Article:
Project LIGHT increases the number of TB cases diagnosed at test sites
Project LIGHT, which introduced LED-based fluorescent microscopy (LEDFM) at 200 medical colleges across India, resulted in the detection of 5,495 more new sputum smear-positive TB cases in 2012 than in 2011. The project managed by The Union South-East Asia Office (USEA) was funded by a Stop TB Partnership–WHO TB REACH Wave-2 grant.
In 2010, the World Health Organization (WHO) recommended LEDFM as an alternative to Ziehl-Neesen microscopy because it offers faster, more accurate diagnosis of tuberculosis; and India's Revised National TB Control Programme (RNTCP) committed to phasing in this technology in its 12,800 designated microscopy centres. Project LIGHT (LED Fluorescent Microscopy In Gaining TB Cases in High workload Teaching Hospitals) was designed by The Union, which is working in collaboration with the RNTCP and the National Task Force for the Involvement of Medical Colleges to bring the new technology to medical colleges. As tertiary health care centres, India's medical colleges play an important role in the TB care network, diagnosing 10% of all smear-positive TB cases over the past three years (2009–12).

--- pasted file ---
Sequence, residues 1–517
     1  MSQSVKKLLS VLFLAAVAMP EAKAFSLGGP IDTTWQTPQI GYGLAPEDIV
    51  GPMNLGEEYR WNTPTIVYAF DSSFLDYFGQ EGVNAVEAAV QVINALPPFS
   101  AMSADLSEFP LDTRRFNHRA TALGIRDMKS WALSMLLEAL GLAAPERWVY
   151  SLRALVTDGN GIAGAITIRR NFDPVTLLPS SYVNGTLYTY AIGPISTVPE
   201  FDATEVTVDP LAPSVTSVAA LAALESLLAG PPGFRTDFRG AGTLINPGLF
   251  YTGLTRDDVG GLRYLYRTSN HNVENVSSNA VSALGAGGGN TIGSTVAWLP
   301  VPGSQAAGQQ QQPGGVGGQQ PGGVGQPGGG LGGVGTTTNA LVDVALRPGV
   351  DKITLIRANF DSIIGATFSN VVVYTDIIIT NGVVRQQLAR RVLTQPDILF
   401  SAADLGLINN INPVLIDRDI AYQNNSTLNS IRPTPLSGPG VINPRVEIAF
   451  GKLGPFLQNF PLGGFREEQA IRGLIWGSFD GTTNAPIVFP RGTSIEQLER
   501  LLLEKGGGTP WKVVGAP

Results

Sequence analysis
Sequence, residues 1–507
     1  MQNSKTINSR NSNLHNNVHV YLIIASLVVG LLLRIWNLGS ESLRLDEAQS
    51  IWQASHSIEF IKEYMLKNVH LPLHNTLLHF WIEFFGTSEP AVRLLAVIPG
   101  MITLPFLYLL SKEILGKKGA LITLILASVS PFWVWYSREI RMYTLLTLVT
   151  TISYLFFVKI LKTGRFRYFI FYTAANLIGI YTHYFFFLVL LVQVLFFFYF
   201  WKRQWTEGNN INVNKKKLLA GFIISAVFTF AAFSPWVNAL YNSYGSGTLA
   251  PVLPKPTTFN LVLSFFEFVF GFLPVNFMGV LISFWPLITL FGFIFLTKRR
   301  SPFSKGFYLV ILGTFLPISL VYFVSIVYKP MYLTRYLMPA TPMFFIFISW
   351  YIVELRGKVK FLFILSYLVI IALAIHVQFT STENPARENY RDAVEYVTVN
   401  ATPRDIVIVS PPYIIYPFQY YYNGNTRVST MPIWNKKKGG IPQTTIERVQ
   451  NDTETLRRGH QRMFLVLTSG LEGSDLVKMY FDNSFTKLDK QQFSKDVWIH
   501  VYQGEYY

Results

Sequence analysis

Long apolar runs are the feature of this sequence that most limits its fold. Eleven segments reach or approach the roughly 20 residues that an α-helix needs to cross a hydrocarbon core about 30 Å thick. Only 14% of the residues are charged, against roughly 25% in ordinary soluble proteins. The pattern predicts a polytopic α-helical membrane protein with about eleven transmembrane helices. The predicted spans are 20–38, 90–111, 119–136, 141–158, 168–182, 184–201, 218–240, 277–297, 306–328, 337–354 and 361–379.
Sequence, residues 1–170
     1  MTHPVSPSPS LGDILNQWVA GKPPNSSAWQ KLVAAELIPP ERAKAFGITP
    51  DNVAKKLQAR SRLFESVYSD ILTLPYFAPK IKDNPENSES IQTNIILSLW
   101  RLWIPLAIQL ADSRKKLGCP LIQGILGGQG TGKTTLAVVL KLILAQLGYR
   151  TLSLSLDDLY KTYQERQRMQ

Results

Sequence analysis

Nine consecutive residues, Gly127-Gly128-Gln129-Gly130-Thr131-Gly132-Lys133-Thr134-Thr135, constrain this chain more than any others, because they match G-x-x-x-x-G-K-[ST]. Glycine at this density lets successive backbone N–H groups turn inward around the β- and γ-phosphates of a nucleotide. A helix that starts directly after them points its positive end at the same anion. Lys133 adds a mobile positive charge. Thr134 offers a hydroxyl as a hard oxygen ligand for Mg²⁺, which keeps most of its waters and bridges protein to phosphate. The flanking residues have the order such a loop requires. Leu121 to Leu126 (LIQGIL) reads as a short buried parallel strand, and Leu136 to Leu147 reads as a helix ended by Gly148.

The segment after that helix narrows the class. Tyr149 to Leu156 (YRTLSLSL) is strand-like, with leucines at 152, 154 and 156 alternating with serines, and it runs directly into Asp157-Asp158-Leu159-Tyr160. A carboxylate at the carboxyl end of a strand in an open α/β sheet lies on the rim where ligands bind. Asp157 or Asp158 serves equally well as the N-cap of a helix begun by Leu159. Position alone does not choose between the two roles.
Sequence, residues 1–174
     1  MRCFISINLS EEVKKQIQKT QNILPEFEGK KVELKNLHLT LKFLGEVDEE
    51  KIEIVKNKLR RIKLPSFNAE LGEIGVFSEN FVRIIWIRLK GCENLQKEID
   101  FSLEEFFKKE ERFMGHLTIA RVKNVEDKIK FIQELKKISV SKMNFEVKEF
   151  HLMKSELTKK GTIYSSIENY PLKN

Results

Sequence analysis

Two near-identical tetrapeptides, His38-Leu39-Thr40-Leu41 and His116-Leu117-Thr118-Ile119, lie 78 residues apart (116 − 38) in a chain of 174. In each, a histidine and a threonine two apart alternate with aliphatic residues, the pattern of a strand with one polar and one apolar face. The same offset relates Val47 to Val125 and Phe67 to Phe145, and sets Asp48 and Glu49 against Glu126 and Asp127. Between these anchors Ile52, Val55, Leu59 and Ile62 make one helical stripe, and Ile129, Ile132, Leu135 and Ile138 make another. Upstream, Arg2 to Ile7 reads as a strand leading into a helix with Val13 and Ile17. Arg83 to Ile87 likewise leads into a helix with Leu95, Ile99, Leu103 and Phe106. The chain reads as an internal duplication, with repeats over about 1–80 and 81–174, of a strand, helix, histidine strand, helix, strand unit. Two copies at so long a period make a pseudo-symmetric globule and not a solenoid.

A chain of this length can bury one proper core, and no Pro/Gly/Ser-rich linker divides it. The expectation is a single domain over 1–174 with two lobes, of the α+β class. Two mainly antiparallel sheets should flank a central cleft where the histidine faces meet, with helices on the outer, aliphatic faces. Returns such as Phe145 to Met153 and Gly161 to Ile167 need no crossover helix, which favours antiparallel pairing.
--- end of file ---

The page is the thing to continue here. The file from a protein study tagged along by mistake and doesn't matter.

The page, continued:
Project LIGHT placed LEDFM at medical college microscopy centres selected by the RNCTP because of their high workloads. In addition to providing the technology, the project included building the capacity of medical, technical and laboratory staff to provide health and TB services to their communities. LIGHT also worked with local RNTCP programme staff to ensure that all patients diagnosed at the implementing microscopy centres were transferred to TB treatment services.
Along with the increased number of cases detected, another measure of success for Project LIGHT has been the cost- effectiveness of this achievement. In funding proposals, TB REACH specified that the cost of each additional positive case detected should be less than US$ 350. Through Project LIGHT, the costs have so far averaged US$ 175 per additional positive case detection, including the capital investment of procuring and installing the microscopes. With one implementing quarter of the project yet to be completed, this average cost will fall even further by the end of the project.
Dr Nevin Wilson, Director of The Union South-East Asia Office, said the partners were very pleased with the success of the project. "This technology ultimately translates into beneficial measures for patients on multiple fronts – in terms of health, money and time", he said.
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